It's true that attr_reader gives you the ability to
do:

puts mySong.name

...but it doesn't let you initialize all of these
attributes during construction.

Additionally, if you want to *write* to an attribute,
you need attr_writer (or attr_accessor, which provides
both read and write capability).

So, even if you had writers and readers, you would
still have to call each one separately to initialize
all of the values.  

later,
Chad

--- Erik Meade <emeade / geekfarm.org> wrote:
> Armin,
> 
> Thanks, that does fix my error, but I was sort of
> under the impression
> that attr_reader did that for you in the pick axe
> book I see:
> 
> class Song 
>   attr_reader :name, :artist, :duration 
> end 
> aSong = Song.new("Bicylops", "Fleck", 260) 
> 
> but entering this into irb shows me it is incorrect.
>  Thanks for
> solution!
> 
> Erik
> 
> > -----Original Message-----
> > From: Armin Roehrl [mailto:armin / approximity.com]
> > Sent: Saturday, November 03, 2001 3:35 PM
> > To: ruby-talk ML
> > Subject: [ruby-talk:24292] Re: Newbie wrong # of
> arguments(4 for 0)
> > question
> > 
> > 
> > Hi,
> > 
> > 	what about adding  initialize to Revision?
> > --
> > class Revision
> >   attr_reader :revision, :date, :name, :log
> >   def initialize(revision,date,name,log)
> >    
> @revision,@date,@name,@log=revision,date,name,log 
> >   end
> > end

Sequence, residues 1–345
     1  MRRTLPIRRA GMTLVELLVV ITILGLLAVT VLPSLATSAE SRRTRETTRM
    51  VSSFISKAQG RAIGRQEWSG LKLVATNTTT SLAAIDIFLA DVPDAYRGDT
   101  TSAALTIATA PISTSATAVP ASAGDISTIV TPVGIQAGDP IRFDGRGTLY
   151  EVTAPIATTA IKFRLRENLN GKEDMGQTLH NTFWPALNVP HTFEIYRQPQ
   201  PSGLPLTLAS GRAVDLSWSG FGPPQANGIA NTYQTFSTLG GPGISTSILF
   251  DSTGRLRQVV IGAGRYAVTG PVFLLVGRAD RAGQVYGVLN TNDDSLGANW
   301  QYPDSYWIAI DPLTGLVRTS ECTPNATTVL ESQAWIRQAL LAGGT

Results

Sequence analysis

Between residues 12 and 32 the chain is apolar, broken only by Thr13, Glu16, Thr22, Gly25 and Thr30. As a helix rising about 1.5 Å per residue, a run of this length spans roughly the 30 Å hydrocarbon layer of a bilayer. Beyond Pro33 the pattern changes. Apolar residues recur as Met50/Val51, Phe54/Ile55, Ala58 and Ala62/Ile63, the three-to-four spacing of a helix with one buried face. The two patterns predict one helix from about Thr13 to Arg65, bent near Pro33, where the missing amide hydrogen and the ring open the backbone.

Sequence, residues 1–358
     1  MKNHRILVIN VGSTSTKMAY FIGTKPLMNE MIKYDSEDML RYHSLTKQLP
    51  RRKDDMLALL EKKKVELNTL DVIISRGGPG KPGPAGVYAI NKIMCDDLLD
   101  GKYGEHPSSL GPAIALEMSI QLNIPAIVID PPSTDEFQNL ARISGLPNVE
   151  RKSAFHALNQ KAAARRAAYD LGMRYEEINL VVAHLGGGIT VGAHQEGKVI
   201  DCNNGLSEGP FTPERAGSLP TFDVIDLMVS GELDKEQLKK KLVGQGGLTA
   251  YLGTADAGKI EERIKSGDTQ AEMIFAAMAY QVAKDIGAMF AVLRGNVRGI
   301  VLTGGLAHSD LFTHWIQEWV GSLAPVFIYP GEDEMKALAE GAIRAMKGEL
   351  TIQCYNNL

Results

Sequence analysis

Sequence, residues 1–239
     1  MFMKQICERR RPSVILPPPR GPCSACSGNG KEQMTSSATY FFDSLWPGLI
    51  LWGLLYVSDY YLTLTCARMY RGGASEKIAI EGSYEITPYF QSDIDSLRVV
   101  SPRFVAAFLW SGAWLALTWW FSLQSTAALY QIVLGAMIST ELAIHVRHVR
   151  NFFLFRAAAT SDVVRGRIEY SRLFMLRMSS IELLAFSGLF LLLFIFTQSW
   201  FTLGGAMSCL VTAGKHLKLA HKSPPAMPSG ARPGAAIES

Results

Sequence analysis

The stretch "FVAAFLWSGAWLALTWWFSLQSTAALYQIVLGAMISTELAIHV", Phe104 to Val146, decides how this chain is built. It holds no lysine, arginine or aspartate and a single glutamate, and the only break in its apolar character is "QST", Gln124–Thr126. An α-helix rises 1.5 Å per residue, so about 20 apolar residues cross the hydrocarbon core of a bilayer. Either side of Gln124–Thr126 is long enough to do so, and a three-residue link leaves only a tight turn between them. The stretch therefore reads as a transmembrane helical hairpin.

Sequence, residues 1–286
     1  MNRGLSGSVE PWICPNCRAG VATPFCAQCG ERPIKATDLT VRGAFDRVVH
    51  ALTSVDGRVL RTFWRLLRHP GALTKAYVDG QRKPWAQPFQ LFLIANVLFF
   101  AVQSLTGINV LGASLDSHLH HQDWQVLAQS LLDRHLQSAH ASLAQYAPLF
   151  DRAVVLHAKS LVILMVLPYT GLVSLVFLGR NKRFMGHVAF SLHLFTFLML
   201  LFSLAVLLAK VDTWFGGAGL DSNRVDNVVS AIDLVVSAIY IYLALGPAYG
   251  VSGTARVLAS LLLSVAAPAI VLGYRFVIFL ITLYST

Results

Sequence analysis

> > ---
> > 
> > Bye,
> > 	Armin
> > 
> > On Saturday 03 November 2001 22:17, you wrote:
> > > Well I've finally found an excuse to write some
> ruby, and I 
> > haven't made it
> > > far before
> > > I've gotten myself stuck.  I remember a joke
> about the 
> > arguments error from
> > > Ruby Conf,
> > > but can't remember the punch line :(
> > >
> > > I'm sure I am making some simple little mistake,
> but I have no 
> > pair so I am
> > > at a loss.
> > > If anyone can offer assistance I would be most
> appreciative.
> > >
> > > --
> > > Erik Meade             emeade / objectmentor.com
> > > Senior Consultant      Object Mentor, Inc.
> > > http://www.junit.org
> > >
> > >
> > >
> > >
> > > Here is my test:
> > > =========================
> > > require 'revision'
> > > require 'runit/testcase'
> > > require 'runit/assert'
> > > require 'runit/cui/testrunner'
> > >
> > > class TestRevision < RUNIT::TestCase
> > >
> > >   def setup
> > >     super
> > >   end
> > >
> > >   def test_equals
> > >     aRevision = Revision.new("1.4", "2001/10/21
> 02:30:18", "kbeck",
> > > "Enhanced TextRunnerTest to catch missing return
> values.")
> > >     bRevision = Revision.new("1.4", "2001/10/21
> 02:30:18", "kbeck",
> > > "Enhanced TextRunnerTest to catch missing return
> values.")
> > >     assert_equals(aRevision, bRevision)
> > >   end
> > > end
> > >
> > > RUNIT::CUI::TestRunner.run(TestRevision.suite)
> > > ==========================
> > >
> > > And the file I'm testing:
> > >
> > > ==========================
> > > class Revision
> > >   attr_reader :revision, :date, :name, :log
> > > end
> > > ==========================
> > >
> > > And of course, the error:
> > >
> > > ==========================
> > > $ ruby test_revision.rb
> > >
> > > TestRevision#test_equals E.
> > > Time: 0.0
> > > FAILURES!!!
> > > Test Results:
> > >  Run: 1/1(0 asserts) Failures: 0 Errors: 1
> > > Errors: 1
> > > test_revision.rb:13:in
> `initialize'(TestRevision): wrong # of 
> > arguments(4
> > > for 0)
> > >  (ArgumentError)
> > >         from test_revision.rb:13:in `new'
> > >         from test_revision.rb:13:in
> `test_equals'
> > >         from test_revision.rb:19
> > > ==========================
> > 
> > -- 
> > Armin.
> > 
> > -----------------------------------------------
> > Armin Roehrl, http://www.approximity.com
> > "The best way to predict the future is to invent
> it."
> >                                           --Alan
Kay


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